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Dr Will Slocombe is a Lecturer in American Literature in the University of Liverpool’s Department of English
Given that the reality of AI may be fast approaching, it’s of the utmost importance that we work out what might a future with artificial intelligence might look like. Last year, an open letter with signatories including Stephen Hawking and Nick Bostrom called for AI to be of demonstrable benefit to humanity, or risk something that exceeds our ability to control it.
AI, as conceived of in popular culture, does not yet exist, even if autonomous and expert systems do. Smartphones might not be supercomputers, but they are called “smartphones” for good reason, in terms of how their operating systems function. Equally, we are happy to talk about a computer game’s “AI”, but gamers quickly learn to take advantage of its limitations and inability to “think” creatively. There is an important difference between these systems and what is termed Artificial General Intelligence (AGI) or “strong AI”, an AI with the general intelligence and aptitudes of a human.
Both the US and British governments’ exploration of the significance and implications of AI research has focused on potential economic and social impacts. But politicians would do well to consider what science fiction can tell them about public attitudes – arguably, one of the biggest issues concerning AI
Culturally, our understanding is informed by the ways in which it is represented in science fiction, and there is an assumption that AI always means AGI, which it does not. Fictional representations of AI reveal far more about our attitudes to the technology than they do about its reality (even if we sometimes seem to forget this). Science fiction can therefore be a valuable resource from which the public view of AI can be assessed – and therefore corrected, if need be.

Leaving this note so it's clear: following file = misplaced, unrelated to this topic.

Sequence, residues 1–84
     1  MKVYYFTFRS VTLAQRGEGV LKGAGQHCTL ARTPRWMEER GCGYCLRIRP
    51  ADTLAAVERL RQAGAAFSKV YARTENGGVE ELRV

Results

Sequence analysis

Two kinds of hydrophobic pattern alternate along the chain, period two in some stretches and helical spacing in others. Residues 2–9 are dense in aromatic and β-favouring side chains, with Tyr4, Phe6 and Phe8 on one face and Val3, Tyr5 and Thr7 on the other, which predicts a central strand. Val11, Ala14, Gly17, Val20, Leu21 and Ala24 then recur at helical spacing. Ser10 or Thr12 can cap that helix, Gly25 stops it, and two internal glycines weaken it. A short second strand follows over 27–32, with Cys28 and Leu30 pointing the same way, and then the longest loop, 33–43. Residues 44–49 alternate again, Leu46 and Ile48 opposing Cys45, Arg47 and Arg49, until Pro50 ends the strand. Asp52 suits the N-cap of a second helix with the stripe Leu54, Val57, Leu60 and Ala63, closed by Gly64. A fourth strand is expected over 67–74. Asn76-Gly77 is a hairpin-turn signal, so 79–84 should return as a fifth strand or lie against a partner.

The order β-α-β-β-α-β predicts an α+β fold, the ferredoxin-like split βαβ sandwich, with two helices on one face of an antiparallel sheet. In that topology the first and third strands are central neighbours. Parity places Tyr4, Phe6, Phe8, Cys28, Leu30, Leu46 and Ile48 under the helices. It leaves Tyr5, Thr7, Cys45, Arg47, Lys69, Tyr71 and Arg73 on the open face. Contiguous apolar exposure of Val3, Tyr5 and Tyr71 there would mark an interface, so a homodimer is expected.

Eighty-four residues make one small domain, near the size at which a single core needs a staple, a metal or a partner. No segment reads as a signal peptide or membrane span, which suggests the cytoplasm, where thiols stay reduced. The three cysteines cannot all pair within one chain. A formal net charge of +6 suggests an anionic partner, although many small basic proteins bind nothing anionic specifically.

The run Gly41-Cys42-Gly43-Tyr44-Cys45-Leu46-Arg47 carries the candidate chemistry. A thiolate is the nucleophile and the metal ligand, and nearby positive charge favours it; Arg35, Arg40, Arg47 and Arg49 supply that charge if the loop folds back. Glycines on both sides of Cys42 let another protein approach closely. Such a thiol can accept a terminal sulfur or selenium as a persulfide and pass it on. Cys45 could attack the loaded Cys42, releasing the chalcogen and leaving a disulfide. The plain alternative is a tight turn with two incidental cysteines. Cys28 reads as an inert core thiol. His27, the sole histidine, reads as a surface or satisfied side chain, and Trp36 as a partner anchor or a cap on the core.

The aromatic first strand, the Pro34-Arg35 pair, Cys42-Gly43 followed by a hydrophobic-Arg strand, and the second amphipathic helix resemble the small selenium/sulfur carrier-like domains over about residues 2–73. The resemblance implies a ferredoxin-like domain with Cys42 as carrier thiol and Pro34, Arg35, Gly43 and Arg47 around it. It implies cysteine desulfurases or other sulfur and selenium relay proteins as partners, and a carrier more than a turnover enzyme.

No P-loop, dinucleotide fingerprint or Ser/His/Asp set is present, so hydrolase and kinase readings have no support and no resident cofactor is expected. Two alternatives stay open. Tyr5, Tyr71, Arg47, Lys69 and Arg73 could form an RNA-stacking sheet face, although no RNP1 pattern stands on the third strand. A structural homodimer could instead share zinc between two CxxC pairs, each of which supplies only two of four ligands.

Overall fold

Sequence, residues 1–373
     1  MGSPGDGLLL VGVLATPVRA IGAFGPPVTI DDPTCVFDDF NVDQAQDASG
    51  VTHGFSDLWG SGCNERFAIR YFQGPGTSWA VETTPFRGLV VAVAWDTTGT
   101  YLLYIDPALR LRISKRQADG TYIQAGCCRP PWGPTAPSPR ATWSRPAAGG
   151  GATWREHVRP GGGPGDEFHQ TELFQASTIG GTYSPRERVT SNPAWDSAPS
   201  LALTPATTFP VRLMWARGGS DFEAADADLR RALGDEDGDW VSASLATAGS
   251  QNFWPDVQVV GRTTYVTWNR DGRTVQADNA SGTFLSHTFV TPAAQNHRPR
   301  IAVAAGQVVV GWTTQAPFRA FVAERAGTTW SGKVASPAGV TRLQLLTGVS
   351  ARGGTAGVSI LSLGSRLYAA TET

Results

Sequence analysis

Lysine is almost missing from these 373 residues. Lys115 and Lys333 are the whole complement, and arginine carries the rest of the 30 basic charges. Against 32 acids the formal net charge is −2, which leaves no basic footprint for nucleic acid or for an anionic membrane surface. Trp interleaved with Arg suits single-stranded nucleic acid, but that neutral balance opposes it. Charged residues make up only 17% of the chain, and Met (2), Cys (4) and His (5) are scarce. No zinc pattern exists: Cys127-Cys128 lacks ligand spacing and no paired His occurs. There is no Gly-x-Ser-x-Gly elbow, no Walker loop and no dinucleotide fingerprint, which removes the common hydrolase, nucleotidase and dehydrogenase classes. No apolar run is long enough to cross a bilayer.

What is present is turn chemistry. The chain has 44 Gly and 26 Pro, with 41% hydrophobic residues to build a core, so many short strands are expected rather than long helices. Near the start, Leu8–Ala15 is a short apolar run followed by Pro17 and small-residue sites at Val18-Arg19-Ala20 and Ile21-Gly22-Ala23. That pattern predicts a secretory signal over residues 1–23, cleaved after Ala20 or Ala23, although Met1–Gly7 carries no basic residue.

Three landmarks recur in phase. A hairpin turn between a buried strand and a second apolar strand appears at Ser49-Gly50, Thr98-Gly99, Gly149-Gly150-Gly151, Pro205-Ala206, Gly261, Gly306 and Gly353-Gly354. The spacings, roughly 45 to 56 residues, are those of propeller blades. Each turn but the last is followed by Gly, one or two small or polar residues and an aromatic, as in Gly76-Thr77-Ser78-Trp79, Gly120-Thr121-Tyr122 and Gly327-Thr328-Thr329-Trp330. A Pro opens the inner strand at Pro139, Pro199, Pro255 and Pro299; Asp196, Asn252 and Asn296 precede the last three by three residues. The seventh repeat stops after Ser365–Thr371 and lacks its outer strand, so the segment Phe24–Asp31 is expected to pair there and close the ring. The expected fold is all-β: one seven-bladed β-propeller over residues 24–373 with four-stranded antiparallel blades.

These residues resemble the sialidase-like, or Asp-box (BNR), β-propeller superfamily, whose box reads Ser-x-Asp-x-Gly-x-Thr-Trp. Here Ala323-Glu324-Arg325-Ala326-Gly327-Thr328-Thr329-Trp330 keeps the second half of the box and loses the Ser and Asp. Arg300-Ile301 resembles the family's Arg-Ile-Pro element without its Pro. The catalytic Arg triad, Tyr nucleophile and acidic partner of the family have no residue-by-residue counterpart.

In Alex Proyas’s adaptation of Isaac Asimov’s stories, I, Robot (2004), there is a heart-to-heart scene in which we learn of the reason for a detective’s mistrust of robots. He recounts a car crash in which two cars end up in a river, and that a robot determined that it was better to save the detective than it was to save a child because it the detective had a higher percentage chance of survival. The scene serves to demonstrate the inhumanity of AI and the humanity of the detective, who would have opted to save the child. This scene, for all its Hollywood gloss, is indicative of the core ethical issues concerned with AI research: it denigrates AI as not being “moral” but merely a pattern of encoded behaviours.
But is the robot in this situation actually wrong? Isn’t it better to save one life than lose two? Here, emergency triage is not seen as “inhuman” but necessary. “Greater good” arguments have been going on for centuries and, in this situation, the “greater” good, saving the policemen or the child, is debatable, especially as the detective later saves humanity from the ravages of VIKI, an AI gone rogue.